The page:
A Little History of the World, Illustrated Edition by E.H. Gombrich; Yale University Press, 304 pages ($29.95).
First published in German in 1935, this is an enthralling piece of storytelling, as though a marvelously learned grandpa were telling a beloved grandchild the story of humanity, from the Stone Age to the First World War. Informative and entertaining, it is an education for readers of all ages. Gombrich was only 26 years old when a Viennese publishing acquaintance asked him to write a history for children. He finished it in six weeks, but returned to the task in the early 1990s, translating the book into English and was nearly finished with the update when he died in 2001 at 92. That English translation was published to critical acclaim in 2005. This handsome new edition includes freshly drawn maps and a revised preface by Gombrich's granddaughter, Leonie. The vivid prose and conversational style, using British spellings and slang, sweep the reader along, with a lively narrative and illuminating asides that truly make history come to life.
On ancient Rome, "You mustn't imagine that emperors did nothing but sit in amphitheaters or that they were all layabouts and raving lunatics like Nero."
From the chapter describing life at the time of Charlemagne: "The neighbors thought themselves lucky if their enemies were slaughtered, and it didn't occur to them that their turn might be next")
And in general: "The history of the world is, sadly, not a pretty poem. It offers little variety, and it is nearly always the unpleasant things that are repeated, over and over again."
The belated final chapter "Looking Back" acknowledges the horrors of World War II, the Holocaust and the new threat posed by the Nuclear Age.
-- Jean Westmoore
Betrayal: Whitey Bulger and the FBI Agent Who Fought to Bring Him Down by Robert Fitzpatrick with Jon Land; Forge Books, 336 pages ($14.99)
Retired FBI agent Robert Fitzpatrick tells his compelling story of trying to bring Boston mob boss James "Whitey" Bulger to justice in "Betrayal," written with Jon Land.
When Fitzpatrick transferred to Boston in the early 1980s with orders to "clean up the mess," he asked to meet Bulger, a prized informant. Fitzpatrick was shocked to discover Bulger acting like he was in charge. He tried to shut down Bulger's FBI informant status and have him arrested for murder, but Bulger managed to stay one step ahead.
Bulger went into hiding in 1994. He was on the FBI's 10 Most Wanted list for years until he was arrested last June in Santa Monica, Calif.
This first-person account does a fantastic job of juggling the names and facts into a compelling narrative.
-- Associated Press
Kayak Morning: Reflections on Love, Grief, and Small Boats by Roger Rosenblatt; Ecco, 160 pages ($13.99 paperback)
A year after his only daughter died at age 38 of an asymptomatic heart condition, Roger Rosenblatt wrote an essay in the New Yorker titled, "Making Toast." He described how he and his wife moved into Amy's house to help their son-in-law care for the couple's three small children, and how the mundane activities of child-rearing provided a measure of solace for his inconsolable grief.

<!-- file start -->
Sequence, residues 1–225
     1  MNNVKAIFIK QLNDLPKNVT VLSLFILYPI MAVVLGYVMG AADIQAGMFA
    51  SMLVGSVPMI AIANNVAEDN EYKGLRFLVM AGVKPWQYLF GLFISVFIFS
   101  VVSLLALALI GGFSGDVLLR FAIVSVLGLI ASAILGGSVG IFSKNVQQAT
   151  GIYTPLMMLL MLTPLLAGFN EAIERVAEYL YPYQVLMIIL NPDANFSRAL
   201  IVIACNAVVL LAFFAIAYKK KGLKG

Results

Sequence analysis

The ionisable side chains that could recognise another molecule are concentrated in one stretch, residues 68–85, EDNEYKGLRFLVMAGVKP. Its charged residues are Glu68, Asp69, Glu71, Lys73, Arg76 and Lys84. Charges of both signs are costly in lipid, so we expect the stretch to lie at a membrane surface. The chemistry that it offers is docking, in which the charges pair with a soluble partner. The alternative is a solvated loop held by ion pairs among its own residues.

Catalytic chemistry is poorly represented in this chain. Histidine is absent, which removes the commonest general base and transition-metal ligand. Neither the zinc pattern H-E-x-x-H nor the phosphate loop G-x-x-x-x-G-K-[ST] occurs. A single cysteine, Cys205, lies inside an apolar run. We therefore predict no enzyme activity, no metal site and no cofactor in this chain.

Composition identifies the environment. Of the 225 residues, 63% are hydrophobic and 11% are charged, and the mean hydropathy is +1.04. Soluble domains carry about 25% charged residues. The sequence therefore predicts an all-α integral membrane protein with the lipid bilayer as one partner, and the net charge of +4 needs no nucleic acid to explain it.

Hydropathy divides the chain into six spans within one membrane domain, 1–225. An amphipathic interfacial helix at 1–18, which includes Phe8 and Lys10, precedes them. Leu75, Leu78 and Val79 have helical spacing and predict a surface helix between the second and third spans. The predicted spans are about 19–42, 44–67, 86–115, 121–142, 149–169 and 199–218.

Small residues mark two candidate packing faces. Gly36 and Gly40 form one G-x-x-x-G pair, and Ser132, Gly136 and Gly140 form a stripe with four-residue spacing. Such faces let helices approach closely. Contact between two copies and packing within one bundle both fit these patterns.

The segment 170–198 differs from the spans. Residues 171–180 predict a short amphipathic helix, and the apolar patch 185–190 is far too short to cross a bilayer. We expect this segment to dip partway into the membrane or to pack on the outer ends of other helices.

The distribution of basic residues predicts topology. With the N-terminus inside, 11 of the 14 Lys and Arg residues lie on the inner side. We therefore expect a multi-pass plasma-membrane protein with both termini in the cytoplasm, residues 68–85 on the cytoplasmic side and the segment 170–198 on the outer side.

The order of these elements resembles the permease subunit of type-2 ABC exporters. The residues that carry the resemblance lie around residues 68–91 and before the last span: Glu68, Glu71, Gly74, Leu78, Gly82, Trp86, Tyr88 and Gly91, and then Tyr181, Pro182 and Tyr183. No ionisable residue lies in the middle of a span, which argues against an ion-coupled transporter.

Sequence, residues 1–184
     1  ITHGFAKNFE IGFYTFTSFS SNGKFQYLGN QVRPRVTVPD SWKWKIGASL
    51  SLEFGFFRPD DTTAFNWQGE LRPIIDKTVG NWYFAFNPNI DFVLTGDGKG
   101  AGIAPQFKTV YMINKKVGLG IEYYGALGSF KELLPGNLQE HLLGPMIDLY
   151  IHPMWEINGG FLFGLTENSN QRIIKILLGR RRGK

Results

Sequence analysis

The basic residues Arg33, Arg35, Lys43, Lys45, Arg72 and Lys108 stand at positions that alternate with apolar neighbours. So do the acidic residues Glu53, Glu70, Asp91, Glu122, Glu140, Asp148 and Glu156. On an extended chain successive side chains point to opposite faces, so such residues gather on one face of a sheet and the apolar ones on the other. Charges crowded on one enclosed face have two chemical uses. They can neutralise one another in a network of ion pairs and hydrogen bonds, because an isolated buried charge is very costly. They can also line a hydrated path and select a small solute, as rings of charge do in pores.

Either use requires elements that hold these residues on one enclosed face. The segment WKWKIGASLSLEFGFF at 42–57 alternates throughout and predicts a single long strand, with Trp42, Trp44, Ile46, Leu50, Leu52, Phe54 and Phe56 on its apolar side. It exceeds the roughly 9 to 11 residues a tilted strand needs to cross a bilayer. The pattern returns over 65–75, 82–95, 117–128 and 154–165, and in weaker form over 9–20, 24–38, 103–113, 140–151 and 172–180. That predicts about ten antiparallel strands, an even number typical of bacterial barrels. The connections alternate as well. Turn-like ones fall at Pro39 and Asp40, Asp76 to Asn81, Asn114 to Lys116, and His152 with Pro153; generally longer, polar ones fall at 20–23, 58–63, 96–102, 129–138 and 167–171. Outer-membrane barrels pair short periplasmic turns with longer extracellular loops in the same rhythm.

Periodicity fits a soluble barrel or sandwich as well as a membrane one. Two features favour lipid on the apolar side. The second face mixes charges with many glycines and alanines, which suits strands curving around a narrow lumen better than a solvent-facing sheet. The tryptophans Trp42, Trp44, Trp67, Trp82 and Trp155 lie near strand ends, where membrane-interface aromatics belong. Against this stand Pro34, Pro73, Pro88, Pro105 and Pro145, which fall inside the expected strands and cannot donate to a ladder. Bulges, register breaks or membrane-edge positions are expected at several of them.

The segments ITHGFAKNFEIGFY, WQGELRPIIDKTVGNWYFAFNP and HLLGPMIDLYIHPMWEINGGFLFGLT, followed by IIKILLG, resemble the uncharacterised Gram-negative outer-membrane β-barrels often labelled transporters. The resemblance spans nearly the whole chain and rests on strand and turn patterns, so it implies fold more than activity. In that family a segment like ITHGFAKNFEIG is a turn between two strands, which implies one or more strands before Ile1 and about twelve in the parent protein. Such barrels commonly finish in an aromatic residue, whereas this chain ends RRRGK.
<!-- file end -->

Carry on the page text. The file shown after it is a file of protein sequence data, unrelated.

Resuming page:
What Rosenblatt has discovered in the more than 2 1/2 years since his daughter's death is that just getting on with life hasn't worked. "What I failed to calculate is the pain that increases even as one gets on with it," he writes.
Rosenblatt has taken up kayaking, spending hours exploring the shoreline and eddies of the inlet near his other home in Quogue, a resort town on the south shore of Long Island.
The book reads as an exploration of his eddying consciousness as he sets out one morning on Penniman Creek while the rest of the family is asleep. He thinks about his high-flying career as a journalist, when he traveled the world writing about other people's sadness. He meditates on the nature of water, wildlife and boats; recalls sorrowful passages of literature and poetry; and recounts conversations with a therapist friend trying to lift him out of his depression. Eventually, he paddles his way toward a resolution of his anguish, a perspective that offers some peace of mind.
-- Associated Press
Lunatics by Dave Barry and Alan Zweibel; Putnam, 320 pages ($25.95)
The aptly named "Lunatics" delivers exactly what one would expect from two award-winning humorists: an outrageously funny, irreverent, over-the-top comic mystery that has no boundaries.
Philip Horkman and Jeffrey A. Peckerman are husbands, fathers and businessmen living the good life in New Jersey. Philip owns a pet store called the Wine Shop. Jeffrey is a forensic plumber who has testified in several high-profile murder cases involving toilets. Philip and Jeffrey are also lunatics who meet on the soccer field. After soccer coach Philip calls Jeffrey's daughter "offside," a feud begins that escalates into international incidents.
Following a crash on the George Washington Bridge, they are labeled terrorists and, soon after, branded perverts following an encounter with a bear and a gang of thugs.
"Lunatics" works because the authors never lose their core mission -- to deliver a scatological, silly and bizarre comic romp. "Lunatics" has no hidden message, no issue to its plot and certainly no elegance -- all of which works to its advantage.
-- McClatchy Newspapers